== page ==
Interventions needed to improve English pass rate

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Nuusita Ashipala

Outapi-The Deputy Minister of Education, Arts and Culture Ester Anna Nghipondoka has tasked principals and education managers to earnestly interrogate the causes of high English subject failure at schools.
Speaking at a principals and inspectors’ meeting in Omusati region on Thursday, Nghipondoka said if nothing is done, Namibian children will continue to suffer.

The deputy minister said introspection should include ensuring that learners are taught in English, except in the lower grades where the vernacular is the medium of instruction.

In last year’s national examination, 45.6 percent of learners passed English with symbols ranging between A and D while only 12.4 percent in Grade 12 passed English in Omusati region.

“Our principals need to facilitate a process of introspection of how English is taught at our schools in order to identify the causes of the high failure rate in English, especially at Grade 12 level,” said Nghipondoka.
“Every challenge, including English as a subject, can be addressed if you are strategic and adopt an inquiry stance. For your school to succeed, there has to be a systematic approach to solving issues that are pulling you back. If need be, unpopular decisions have to be made if we are serious about maintaining standards at schools,” Nghipondoka said.

English ‘talks’ sparked soon after the Grade 12 results were released with the public calling on tertiary institutions to lower the English symbol required for enrolment.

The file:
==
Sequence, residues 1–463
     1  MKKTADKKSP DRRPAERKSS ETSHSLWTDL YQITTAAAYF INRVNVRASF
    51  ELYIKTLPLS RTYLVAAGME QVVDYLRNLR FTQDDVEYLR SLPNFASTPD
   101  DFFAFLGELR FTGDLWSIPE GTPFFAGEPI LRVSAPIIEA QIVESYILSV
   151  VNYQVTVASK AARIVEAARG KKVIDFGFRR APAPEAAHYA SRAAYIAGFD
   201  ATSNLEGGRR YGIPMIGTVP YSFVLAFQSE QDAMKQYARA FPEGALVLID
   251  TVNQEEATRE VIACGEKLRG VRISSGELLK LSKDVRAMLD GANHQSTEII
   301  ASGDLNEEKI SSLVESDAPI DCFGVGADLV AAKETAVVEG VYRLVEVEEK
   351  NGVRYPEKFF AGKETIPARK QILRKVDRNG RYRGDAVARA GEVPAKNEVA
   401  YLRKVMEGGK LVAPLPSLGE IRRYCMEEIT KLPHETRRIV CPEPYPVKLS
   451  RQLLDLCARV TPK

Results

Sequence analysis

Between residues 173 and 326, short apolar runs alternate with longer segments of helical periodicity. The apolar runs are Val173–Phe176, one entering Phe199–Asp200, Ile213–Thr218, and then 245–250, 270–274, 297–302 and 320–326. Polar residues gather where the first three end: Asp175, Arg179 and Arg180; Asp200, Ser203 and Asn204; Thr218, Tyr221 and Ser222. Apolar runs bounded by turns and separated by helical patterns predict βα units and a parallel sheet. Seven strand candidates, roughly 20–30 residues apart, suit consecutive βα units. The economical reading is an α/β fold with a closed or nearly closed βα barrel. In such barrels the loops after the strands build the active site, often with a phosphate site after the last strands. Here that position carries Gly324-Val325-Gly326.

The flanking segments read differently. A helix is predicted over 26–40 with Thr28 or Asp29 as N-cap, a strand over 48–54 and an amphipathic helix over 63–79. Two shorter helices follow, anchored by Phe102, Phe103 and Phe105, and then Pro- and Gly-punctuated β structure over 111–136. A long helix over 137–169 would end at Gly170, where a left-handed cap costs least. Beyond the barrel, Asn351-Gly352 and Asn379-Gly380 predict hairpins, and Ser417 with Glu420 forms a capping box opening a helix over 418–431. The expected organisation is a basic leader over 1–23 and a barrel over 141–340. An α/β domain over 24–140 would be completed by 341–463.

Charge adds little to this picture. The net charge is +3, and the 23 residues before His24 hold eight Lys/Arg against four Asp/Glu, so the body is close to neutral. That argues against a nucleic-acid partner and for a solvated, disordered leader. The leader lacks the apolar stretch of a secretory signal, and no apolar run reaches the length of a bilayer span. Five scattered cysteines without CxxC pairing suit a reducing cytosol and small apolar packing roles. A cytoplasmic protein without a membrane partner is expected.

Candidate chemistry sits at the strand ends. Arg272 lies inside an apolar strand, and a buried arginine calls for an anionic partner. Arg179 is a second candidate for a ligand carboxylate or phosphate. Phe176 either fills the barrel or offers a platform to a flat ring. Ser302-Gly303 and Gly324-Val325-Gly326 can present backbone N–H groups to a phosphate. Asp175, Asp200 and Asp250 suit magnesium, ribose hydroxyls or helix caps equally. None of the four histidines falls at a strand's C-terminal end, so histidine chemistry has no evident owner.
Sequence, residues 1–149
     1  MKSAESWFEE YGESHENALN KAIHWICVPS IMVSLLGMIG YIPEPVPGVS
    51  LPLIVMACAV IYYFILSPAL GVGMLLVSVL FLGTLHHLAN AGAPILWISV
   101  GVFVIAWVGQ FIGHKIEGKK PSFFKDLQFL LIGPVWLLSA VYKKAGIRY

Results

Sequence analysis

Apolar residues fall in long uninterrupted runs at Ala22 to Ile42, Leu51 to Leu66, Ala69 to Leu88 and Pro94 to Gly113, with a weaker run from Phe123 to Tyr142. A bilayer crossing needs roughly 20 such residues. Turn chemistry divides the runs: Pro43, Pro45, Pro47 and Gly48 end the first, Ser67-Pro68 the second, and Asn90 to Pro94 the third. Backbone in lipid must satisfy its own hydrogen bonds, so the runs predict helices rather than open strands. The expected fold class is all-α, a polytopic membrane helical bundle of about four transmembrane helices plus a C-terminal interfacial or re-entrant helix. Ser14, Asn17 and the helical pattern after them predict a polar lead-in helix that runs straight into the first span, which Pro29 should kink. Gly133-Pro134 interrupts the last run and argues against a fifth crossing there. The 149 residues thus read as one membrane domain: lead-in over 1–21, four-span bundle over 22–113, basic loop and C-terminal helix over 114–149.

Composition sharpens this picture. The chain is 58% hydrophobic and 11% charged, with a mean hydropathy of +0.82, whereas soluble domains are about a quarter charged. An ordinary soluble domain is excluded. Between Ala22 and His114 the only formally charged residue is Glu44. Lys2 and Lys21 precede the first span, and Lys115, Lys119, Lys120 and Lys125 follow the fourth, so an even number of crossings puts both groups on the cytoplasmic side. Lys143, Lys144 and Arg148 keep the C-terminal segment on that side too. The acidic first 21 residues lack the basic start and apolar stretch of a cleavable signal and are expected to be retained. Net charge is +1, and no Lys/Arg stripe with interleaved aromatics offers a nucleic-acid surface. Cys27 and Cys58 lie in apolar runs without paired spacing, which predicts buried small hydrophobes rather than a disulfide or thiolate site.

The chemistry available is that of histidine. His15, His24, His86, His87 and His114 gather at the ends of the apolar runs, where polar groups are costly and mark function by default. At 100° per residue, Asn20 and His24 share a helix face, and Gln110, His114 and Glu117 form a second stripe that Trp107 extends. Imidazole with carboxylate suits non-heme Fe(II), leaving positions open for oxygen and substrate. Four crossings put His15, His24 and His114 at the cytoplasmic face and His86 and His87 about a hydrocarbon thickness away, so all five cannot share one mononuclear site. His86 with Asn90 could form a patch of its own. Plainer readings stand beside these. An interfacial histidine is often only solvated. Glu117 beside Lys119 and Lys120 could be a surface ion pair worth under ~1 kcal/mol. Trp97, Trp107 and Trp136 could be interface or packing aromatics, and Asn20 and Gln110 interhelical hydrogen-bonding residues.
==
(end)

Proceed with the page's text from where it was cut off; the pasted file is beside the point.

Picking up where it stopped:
At the time, the Minister of Education, Arts and Culture Katrina Hanse-Himarwa welcomed debates in that regard.
Meanwhile, the deputy minister said the scope determining the number of learners at tertiary level should also be broadened beyond the University of Namibia, the University of Science and Technology and the International University of Management.

She said although a high number did not qualify to be admitted to the three universities this year, some are enrolled at other accredited institutions in the country.

Meanwhile, the meeting resolved to set up a ‘language clinic project’ as an intervention to see how best to improve English results by at least 20 percent at the exit
grades.

The project will be implemented at schools and those attached to schools will aid in sourcing viable materials and identify best teaching methodologies.

The director of education Laban Shapange said the project would not interfere with day-to-day activities as it will be done in the afternoon.

At the same time, Nghipondoka also appealed to teachers to ensure that no learner remains in Grade 10 this year, as it will pose unwarranted complications.

With the new curriculum expected to be implemented next year, learners failing Grade 10 this will be demoted back to Grade 9.

The readmission to Grade 9 will be guided by the current Grade 10 repetition policy.

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